Few days ago I ran out into this wonderful ebook Gregory Ciotti wrote on 10 Ways to Convert Customers Using Psychology, and I not only found it insightful, bus was also able to remember, almost at once, successful campaigns that were run by well known companies using these principles. Since not all of them are described in the book, I will give you an essence here, although I strongly recommend reading it when you have a bit of free time. It is totally worth it.
1) Set the minimum: "Would you like to donate?" vs "Would you like to donate? Every little will help". Apparently no difference, right? Wrong! According to the research, people were twice more likely to donate when the minimum was set. How can we apply it for online marketing? Easily: by setting the minimum or just "Every little helps". Wikipedia knows something about it.
2) Label: Or maybe I should say - label well. Research has shown that, generally speaking, people not only like being labeled but also are more likely to take action if they feel grouped and connected. So in the research the group randomly chosen was told that they were "politically active" - their turnout was 15% superior to the control group. Why? Well, it is the question of being consistent. People will tend to it even if it is artificial. Remember about it when setting up Gold and Platinum customers. Especially if it is a reward. Or is it not?
3) Understand how your customer buys: from neurological point of view, we buy till it hurts. There are different types of customers that are having their hurting point in different ranges. So we have the three types:
How to sell to all of them? For example, by reframing the value of the product. 1200 EUR is a huge amount, but 99EUR/month is much better. Looks better. Converts better. Actually, a "For as little as 3.3EUR/day" will do the job as well. Also, the life expectancy of the product shall be highlighted in order to sell effectively to the tightwads. 99/month yearly for something that will last 10 years for sure? Why not?
Reducing the number of individual purchases helps with the "pain" as well. We would rather buy a pack than multiple products, each with the individual price, cause the latter will multiply the pain. We can see how it works online with the plans versus micropayments (technically, micropayment for each service you might want seems better, yet somehow it is always in a pac with others...).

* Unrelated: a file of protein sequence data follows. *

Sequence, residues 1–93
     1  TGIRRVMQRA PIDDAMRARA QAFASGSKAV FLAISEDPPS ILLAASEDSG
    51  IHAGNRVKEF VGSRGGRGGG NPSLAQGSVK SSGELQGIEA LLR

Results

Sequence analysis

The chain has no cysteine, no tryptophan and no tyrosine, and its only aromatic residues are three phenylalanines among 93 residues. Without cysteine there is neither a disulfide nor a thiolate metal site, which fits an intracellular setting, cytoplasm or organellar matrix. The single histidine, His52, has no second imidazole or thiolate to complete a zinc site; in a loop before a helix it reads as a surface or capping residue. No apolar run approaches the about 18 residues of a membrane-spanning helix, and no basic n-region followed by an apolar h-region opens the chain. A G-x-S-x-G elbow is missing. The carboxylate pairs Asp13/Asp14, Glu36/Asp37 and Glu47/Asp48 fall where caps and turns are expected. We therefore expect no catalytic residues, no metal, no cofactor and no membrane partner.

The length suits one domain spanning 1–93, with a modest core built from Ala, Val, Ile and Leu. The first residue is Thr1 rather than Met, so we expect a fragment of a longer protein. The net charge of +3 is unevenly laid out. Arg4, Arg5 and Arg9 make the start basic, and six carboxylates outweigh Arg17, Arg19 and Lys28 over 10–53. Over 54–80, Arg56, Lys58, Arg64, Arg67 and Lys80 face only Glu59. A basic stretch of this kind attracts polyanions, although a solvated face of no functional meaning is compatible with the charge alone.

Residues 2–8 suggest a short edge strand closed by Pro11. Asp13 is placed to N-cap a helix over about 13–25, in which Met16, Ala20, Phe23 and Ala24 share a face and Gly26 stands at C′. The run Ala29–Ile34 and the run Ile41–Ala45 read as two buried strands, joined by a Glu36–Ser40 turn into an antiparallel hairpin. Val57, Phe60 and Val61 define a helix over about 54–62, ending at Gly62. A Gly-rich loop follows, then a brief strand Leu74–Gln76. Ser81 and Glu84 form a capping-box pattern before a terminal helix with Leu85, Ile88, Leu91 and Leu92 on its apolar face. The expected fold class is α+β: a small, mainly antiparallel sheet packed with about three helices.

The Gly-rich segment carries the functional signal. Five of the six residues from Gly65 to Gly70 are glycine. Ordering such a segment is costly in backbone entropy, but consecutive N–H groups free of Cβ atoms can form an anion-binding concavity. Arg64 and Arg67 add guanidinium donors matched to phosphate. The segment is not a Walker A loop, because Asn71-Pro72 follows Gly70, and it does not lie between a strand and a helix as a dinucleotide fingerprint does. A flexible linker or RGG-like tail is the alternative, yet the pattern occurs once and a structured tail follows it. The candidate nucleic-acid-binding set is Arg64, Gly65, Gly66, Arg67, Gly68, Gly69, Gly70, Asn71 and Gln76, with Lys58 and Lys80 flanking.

4) Admit your faults: The results of research on Predicting Stock Prices from Organizational Attributions has shown that investors were more likely to trust companies that admitted they made some bad strategis decisions (and they can do better) than these that prefered to state that there were external forces responsible for the bad output (not our fault). There is a potential in highlighting the strengths in this one which I would not miss.
5) Use urgency the smart way: If you would think that creating urgency is old and obsolete... well, you would be wrong. Scarcity is still the best influence, but it is important to give clear follow up instructions. Groupon in Spain knows how to deal with this one perfectly:
6) Know the power of instant gratification, and use it: apparently instant gratification is so powerful that being able to deal with it is considered as one of the keys to success. Customers need to be rewarded for doing business with you and fast. Actually, according to MRI studies, apparently the cortex is very active when waiting for something, and mid-brain lights up when receives something at once. So put the "instantly" into your selling dictionary instead of "free" and be rewarded.
7) If you want to make a cult, have an enemy: Associating with certain ideas while distancing from others is a good way of creating the feeling. Studies have shown that grouped people tend to have stronger feelings toward the aim and also, towards the "others". By saying what your brand is and what isn't, identifying the public and the outsiders, creating the scheme. So...wait a minute..are all these ones vs anothers commercials done on purpose? Well...
8) Include the ideals: People have to think that your brand stands for something, something they can relate to and feel connected with. People are not as loyal to companies as to what they stand for. So, communicate clearly what are the core values and philosophy of the company.
9) Be an advocate of the devil: Explain people why the product is not what someone may think before they even ask. When people have their decisions questioned, they tend to stand up for them even more.
10) Surprise them: Have you ever found 10 cents on the street? What about 1 EUR? Or 10? It is not the actual amount, but the surprise factor that works here. Having people on their toes and keep them surprised is a great deal. It is not about the value itself, but the fact that something positive happened to you. Received a sample of perfume in a local store? Bet you shall come back there when willing to buy.
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